Last week saw a number of important economic data releases, with a focus on consumer and business confidence and the November employment report. The jobs report showed a notable slowdown in headline job growth in November, although the month’s underlying data was more encouraging. This week will be relatively quiet, with only three major data releases scheduled. They will cover international trade, consumer inflation, and a first look at consumer sentiment in December.
Last Week’s News
The Conference Board Consumer Confidence Index for November, released on Tuesday, showed confidence declining by more than expected. The index fell from a downwardly revised 111.6 in October to 109.5 in November, against calls for a more modest drop to 110.9. This result brought the index back in line with September’s 109.8 reading, signaling continued consumer concern about the economy. Although confidence remains well above 2020’s lockdown-induced lows, rising medical risks and concerns about inflation have challenged consumer sentiment over the past few months. The discovery of the Omicron variant in early November likely contributed to the month’s drop in confidence. Historically, improving confidence has supported faster consumer spending growth, so the recent declines are worth monitoring. With that said, consumer spending growth has remained strong over the past few months. Pent-up demand continues to power spending growth, despite the souring consumer sentiment.
Wednesday saw the release of the ISM Manufacturing index for November. This widely followed measure of manufacturer confidence improved, as the index rose from 60.8 in October to 61.1 in November. The forecasts were for a reading of 61.2. This is a diffusion index, where values above 50 indicate expansion, so the November result was an encouraging sign that the manufacturing recovery continued to gain momentum. The improvement was driven in part by increased hiring growth, as manufacturers continue to spend and invest in their businesses to meet high buyer demand. This strong result marks a seven-month high for the index, which has remained in expansionary territory since June 2020. Throughout the course of the year, manufacturer confidence has been supported by high levels of demand. Tangled supply chains and high prices remain a headwind for the industry, however.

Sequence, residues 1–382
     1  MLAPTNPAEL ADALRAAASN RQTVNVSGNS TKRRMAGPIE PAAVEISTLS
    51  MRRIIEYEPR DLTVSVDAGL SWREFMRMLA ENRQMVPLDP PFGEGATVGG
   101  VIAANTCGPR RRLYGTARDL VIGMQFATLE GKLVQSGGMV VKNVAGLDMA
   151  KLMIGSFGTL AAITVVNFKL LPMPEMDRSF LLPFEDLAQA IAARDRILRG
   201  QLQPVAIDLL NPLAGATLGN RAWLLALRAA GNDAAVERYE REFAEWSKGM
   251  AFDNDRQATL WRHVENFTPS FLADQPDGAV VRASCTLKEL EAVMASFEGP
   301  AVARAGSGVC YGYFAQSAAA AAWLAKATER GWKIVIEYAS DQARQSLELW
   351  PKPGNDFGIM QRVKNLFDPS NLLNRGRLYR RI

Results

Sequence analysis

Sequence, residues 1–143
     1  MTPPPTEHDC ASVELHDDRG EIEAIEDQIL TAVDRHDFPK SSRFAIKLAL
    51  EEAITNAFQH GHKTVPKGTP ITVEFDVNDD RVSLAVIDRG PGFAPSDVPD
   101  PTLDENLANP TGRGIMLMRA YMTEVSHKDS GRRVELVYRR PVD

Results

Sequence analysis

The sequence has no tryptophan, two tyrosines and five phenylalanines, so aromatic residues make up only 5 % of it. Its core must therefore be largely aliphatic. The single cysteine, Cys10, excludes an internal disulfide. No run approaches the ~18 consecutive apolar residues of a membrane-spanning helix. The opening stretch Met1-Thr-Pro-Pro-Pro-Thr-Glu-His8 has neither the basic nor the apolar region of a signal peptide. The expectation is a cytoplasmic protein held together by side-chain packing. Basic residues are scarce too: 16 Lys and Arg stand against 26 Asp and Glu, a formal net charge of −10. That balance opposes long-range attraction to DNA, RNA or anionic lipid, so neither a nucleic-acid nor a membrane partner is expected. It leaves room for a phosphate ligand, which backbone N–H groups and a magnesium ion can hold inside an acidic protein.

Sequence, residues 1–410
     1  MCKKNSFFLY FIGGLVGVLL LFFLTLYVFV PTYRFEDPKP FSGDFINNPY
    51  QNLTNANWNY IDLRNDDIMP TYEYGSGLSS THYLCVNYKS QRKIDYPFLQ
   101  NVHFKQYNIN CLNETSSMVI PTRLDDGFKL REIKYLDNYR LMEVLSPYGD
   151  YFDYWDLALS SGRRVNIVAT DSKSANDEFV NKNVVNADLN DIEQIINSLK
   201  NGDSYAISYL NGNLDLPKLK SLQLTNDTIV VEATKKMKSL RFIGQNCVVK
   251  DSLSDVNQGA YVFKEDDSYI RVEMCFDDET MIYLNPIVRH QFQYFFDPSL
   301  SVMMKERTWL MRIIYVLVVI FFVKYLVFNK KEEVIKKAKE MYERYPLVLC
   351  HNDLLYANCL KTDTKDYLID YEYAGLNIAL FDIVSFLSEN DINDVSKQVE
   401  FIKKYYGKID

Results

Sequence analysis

On Friday, the November employment report was released. Headline job growth slowed notably during the month, with only 210,000 jobs added against forecasts for 550,000 additional jobs. Although the September and October job reports were revised up by 82,000 jobs, the headline jobs number for November was disappointing. With that said, the underlying data was more encouraging. The unemployment rate fell notably, dropping from 4.6 percent in October to 4.2 percent in November. The forecasts were for a more modest decline to 4.5 percent. The monthly job report consists of two surveys, one of employers and the other of households. The headline job number comes from the employer report, while the unemployment rate comes from the household survey. In November, the household survey showed a significant increase in hiring in November, as well as a rise in the labor force participation rate. This data should calm concerns about the slowdown in headline job growth in November.